The newspaper said the Printemps de Septembre team “was appalled, this is about freedom of expression. This artist has introduced his own culture in his work, and within the context of the theme of this exhibition, «L’histoire est à moi».What has happened is really most unfortunate,” said Frédérique Mehdi, organiser of the festival, which runs in Toulouse until October 21. “We did not take a decision to cancel his installation, he did and it is too bad because his work is of very high quality and has a place in this festival. “

Mounir Fatmi himself was quoted by the paper as describing the row as a “huge misunderstanding.   I was particularly surprised because I did not think that a work that deals with light and combines Arabic calligraphy with  Marcel Duchamp Rotoreliefs and the Biting Back at the Machine in Charlie Chaplin’s Modern Times  could trigger such a reaction. It is surreal and a huge misunderstanding”.  He said the reaction of some Muslims who expressed anger that Koranic verses were displayed on the  ground was misplaced.  “This is just a light projection, there is nothing printed or painted on the floor, the images come from a projector which throws a light beam that illuminates them. Indeed one verse so projected says: ‘God is Light.’  I do not encourage people to walk on the images. In fact I put up signs saying ‘thank you for not walking on the work,’ out of respect for the Koran and the work itself, which is a tribute to Arabic calligraphy and to Duchamp. I chose these works because of their relation to the theme of the festival, «L’histoire est à moi» Now, I almost feel deprived of my own history. It is sad that this has happened in France. This work was exhibited in a museum of contemporary art in Qatar without so much as a murmur”.  He added he had decided to withdraw the work from the Pont Neuf. Conditions for a proper viewing and understanding of the work “cannot now be met so I have chosen to suspend the installation” he told the paper.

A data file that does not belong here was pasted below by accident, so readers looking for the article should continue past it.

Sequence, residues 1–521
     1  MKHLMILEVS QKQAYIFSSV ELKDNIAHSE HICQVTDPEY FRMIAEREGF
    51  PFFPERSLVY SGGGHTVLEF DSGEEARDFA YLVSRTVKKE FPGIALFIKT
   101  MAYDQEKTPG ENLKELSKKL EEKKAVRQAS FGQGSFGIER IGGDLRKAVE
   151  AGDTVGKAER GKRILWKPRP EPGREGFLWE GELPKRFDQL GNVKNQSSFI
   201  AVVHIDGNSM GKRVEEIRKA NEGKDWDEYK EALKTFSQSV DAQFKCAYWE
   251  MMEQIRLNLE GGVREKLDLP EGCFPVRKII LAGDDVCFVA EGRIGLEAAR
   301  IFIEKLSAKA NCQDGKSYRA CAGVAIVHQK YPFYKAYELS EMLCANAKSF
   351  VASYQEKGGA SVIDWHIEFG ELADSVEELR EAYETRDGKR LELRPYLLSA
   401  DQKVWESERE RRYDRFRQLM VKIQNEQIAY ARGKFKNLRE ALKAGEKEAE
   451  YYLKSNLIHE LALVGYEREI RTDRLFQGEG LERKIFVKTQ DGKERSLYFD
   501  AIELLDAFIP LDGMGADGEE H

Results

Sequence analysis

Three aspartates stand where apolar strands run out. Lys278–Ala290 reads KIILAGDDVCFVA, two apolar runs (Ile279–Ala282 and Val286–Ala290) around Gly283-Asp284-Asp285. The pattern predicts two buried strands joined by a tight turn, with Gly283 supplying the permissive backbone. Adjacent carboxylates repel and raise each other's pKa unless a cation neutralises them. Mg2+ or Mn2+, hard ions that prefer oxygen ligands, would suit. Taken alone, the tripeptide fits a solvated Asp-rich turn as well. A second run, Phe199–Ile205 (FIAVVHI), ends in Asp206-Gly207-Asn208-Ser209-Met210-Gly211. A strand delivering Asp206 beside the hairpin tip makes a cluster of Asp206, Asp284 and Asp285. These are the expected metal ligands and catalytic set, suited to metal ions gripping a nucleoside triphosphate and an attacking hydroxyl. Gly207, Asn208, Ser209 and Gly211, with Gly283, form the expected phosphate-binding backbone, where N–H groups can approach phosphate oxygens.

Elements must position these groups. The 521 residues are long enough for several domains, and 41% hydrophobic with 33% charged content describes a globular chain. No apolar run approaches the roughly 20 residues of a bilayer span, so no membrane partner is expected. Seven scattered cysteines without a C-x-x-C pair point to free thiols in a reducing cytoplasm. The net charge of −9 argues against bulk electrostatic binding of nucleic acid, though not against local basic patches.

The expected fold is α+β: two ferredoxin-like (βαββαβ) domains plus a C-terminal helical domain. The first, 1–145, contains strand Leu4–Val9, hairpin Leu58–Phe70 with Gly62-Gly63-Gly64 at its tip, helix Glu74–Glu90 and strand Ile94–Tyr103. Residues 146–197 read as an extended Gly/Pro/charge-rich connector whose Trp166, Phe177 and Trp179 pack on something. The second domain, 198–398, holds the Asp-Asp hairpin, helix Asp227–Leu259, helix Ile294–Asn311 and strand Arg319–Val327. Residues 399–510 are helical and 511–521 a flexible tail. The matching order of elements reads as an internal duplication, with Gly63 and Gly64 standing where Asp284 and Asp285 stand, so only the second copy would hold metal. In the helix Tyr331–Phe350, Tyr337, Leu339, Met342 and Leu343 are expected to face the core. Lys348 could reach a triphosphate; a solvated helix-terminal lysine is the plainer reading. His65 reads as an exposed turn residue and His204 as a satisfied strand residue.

The artistic director of the event Paul Ardenne told l’Express newspaper that he agreed there was a need to calm feelings in the city ( where the Muslim community is reportedly still ‘bruised’ over the recent terrorism affair involving Mohamed Merah, a 23-year-old French-Algerian Islamist, who went on a killing spree in March 2012 and was subsequently shot dead by police besieging his apartment). However he added that he was concerned  that the withdrawal of the installation was a victory for the “profoundly anti-cultural attitude” of radical Islamists.

Mounir Fatmi was born in Tangier in 1970 and  lives and works as an artist in Morocco, France and the United States.

The objections to the light display came from Muslim groups in Toulouse and led to local Imam Mokhtar el Meddah and Boujama Andoh, president of the Toulouse Associations of Muslims meeting with City Hall officials. This followed public disorder on the Pont-Neuf bridge which required police intervention.